…We will never give up this task that our ancestors have entrusted us with..
…We will not allow EU, NATO or any other power to belittle our country, our people…
This week, the United Nations Security Council will vote to condemn any country which unilaterally recognises Jerusalem/Al-Quds as an Israeli capital, in a further attempted move of censure against the US. Last week the Security Council voted to condemn the US decision, in a final quorum that included Washington’s EU allies on the body, as well as Egypt.
Turkey’s geo-political position is becoming increasingly clear, especially since in his speech he also warned against the establishment of a “terrorist state” in Syria and against sectarianism in Iraq–two references in this context, to the presence of US and Israeli backed Kurdish ethno-nationalist groups in the Arab states.
Furthermore, Turkey recently slammed a decision by the NATO backed regime in the occupied Serbian province of Kosovo and Metohija. The NATO backed regime recently acquitted a member of the Fethullah Terrorist Organisation (FETO), which is considered a major threat to Turkish security. Once healthy relations between Ankara and both Albania and the ethnic Albanian NATO regime in Kosovo and Metohija, have recently become very tense due to the fact that many wanted FETO terrorists have received shelter in the western Balkans.
As the US and EU are both supporters of the regime in Tirana and the occupier regime in Pristina, this is a further area where Turkey has major disagreements with its erstwhile western allies.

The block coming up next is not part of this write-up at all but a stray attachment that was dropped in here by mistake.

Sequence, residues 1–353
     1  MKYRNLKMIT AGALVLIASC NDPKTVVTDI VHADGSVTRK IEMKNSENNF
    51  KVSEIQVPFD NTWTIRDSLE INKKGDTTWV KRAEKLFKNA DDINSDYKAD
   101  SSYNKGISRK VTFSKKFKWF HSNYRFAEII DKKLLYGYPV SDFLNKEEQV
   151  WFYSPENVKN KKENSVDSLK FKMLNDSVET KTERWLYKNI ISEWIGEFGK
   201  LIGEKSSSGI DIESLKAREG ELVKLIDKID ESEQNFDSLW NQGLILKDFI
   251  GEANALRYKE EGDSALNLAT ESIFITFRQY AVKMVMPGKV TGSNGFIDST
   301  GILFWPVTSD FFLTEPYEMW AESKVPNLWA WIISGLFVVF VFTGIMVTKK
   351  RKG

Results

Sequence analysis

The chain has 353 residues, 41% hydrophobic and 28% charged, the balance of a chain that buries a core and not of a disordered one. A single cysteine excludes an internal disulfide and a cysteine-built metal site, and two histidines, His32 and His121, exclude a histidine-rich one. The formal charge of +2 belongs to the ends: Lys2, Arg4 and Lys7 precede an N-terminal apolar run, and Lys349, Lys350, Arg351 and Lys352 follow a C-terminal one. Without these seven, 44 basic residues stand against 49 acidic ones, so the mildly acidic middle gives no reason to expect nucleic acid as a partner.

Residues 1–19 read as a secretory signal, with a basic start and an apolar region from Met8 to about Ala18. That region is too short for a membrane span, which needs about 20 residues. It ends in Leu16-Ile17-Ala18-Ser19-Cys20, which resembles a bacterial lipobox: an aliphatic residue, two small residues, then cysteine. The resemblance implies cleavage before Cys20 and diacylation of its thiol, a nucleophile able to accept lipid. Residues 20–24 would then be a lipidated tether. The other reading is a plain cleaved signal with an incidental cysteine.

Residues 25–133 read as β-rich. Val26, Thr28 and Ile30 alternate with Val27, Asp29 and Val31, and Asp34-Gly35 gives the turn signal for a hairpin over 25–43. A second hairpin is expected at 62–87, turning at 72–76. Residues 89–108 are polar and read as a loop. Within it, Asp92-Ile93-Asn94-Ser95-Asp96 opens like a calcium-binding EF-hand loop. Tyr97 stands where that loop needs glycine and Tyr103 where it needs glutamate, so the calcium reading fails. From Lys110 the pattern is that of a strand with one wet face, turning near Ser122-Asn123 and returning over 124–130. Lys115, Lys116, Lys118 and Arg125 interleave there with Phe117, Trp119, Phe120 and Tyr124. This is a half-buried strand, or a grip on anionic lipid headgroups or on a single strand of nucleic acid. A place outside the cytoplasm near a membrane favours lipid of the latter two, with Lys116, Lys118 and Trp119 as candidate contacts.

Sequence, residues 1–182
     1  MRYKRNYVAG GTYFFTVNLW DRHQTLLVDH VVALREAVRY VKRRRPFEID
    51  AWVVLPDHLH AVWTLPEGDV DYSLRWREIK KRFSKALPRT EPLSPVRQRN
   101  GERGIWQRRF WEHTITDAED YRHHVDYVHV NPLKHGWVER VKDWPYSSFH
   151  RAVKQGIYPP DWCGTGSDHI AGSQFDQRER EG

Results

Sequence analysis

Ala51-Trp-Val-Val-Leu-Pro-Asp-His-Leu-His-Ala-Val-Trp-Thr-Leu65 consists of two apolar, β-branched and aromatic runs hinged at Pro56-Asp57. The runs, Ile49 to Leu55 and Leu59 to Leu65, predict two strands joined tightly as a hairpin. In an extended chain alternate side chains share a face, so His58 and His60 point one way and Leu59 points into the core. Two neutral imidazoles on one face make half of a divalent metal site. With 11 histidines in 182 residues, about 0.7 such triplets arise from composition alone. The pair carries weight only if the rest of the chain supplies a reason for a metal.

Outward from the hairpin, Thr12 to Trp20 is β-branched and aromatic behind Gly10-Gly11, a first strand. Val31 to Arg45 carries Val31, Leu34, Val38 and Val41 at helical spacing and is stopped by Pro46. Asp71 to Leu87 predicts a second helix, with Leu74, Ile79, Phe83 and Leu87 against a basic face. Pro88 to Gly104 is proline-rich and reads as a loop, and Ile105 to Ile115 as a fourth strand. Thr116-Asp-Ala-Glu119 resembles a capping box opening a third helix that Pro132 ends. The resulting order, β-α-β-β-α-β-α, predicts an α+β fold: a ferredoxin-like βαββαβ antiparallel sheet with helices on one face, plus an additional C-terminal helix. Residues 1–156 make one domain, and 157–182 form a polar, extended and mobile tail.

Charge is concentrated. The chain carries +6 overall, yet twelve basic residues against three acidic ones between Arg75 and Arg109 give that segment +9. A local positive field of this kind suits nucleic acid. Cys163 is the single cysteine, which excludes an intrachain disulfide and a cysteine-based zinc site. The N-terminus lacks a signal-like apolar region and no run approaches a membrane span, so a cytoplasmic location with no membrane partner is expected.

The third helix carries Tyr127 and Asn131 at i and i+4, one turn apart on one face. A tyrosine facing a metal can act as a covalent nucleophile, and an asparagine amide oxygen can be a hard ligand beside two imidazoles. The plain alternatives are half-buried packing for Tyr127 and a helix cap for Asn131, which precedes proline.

The aggregate effect of all of this means that Turkey increasingly feels it has much to gain and little to lose by taking an ‘eastward’ and ‘southward’ looking perspective in terms of geo-political alignments.
In respect of the crisis in Palestine, Turkey’s good relations with Iran and moreover, Iranian President Hassan Rouhani’s enthusiastic participation at the recent OIC conference in Istanbul, has meant that in practical terms, Iran is the leader of Shi’a opinion on Palestine while Turkey has taken the lead on the issue among Sunni Muslims.
Turkey’s good relations with Russia are furthermore offsetting that which Turkey once derived from its close bonds with the US.
While Russian officials have made it clear that Moscow takes a more neutral line on the Palestine crisis than Turkey, Russia respects Turkey’s role as a Muslim majority nation in speaking out on the issue. Ankara is not bound by a Russian position in the way that the US tries to bind its allies into a unilateral position in line with that of US officials. Erdgoan clearly appreciates the difference and is acting accordingly.
While many are underestimating Erdogan’s long-term stance on the issue, the realignment of geo-political realities in the region means that Erdogan now has an opportunity to do to Saudi Arabia and Israel what he already largely did to the US and Israel over the Kurdish issue.
Erdogan’s new global allies will not try to stop him from speaking out and even taking proportional actions in this areas. In the case of Iran, the leaders in Tehran will be all too happy to have acquired a new trading and security partner in Turkey, that is speaking up for Palestine which has for decades been a major Iranian red line.
The statements, views and opinions expressed in this column are solely those of the author and do not necessarily represent those of The Duran.